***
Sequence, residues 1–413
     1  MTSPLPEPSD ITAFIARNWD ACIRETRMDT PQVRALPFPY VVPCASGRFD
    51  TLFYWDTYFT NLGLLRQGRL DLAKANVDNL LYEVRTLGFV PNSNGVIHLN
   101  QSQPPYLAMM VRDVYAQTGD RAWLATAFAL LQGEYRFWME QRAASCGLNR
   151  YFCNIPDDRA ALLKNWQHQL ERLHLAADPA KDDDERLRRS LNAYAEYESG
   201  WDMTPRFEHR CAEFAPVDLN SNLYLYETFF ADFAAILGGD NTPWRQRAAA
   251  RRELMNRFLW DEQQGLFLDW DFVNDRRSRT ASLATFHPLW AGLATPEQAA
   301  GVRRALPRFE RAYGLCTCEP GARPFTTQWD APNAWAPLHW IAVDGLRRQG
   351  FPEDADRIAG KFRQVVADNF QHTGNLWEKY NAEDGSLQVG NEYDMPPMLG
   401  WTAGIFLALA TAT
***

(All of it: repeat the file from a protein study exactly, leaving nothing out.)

Sequence, residues 1–413
     1  MTSPLPEPSD ITAFIARNWD ACIRETRMDT PQVRALPFPY VVPCASGRFD
    51  TLFYWDTYFT NLGLLRQGRL DLAKANVDNL LYEVRTLGFV PNSNGVIHLN
   101  QSQPPYLAMM VRDVYAQTGD RAWLATAFAL LQGEYRFWME QRAASCGLNR
   151  YFCNIPDDRA ALLKNWQHQL ERLHLAADPA KDDDERLRRS LNAYAEYESG
   201  WDMTPRFEHR CAEFAPVDLN SNLYLYETFF ADFAAILGGD NTPWRQRAAA
   251  RRELMNRFLW DEQQGLFLDW DFVNDRRSRT ASLATFHPLW AGLATPEQAA
   301  GVRRALPRFE RAYGLCTCEP GARPFTTQWD APNAWAPLHW IAVDGLRRQG
   351  FPEDADRIAG KFRQVVADNF QHTGNLWEKY NAEDGSLQVG NEYDMPPMLG
   401  WTAGIFLALA TAT